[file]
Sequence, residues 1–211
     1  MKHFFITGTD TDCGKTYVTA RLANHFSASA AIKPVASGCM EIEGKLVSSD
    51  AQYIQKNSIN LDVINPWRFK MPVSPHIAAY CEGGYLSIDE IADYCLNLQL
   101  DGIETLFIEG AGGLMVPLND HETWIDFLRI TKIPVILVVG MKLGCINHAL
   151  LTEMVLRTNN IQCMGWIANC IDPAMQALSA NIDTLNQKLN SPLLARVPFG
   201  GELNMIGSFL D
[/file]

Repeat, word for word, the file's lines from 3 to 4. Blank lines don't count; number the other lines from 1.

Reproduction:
    51  AQYIQKNSIN LDVINPWRFK MPVSPHIAAY CEGGYLSIDE IADYCLNLQL
   101  DGIETLFIEG AGGLMVPLND HETWIDFLRI TKIPVILVVG MKLGCINHAL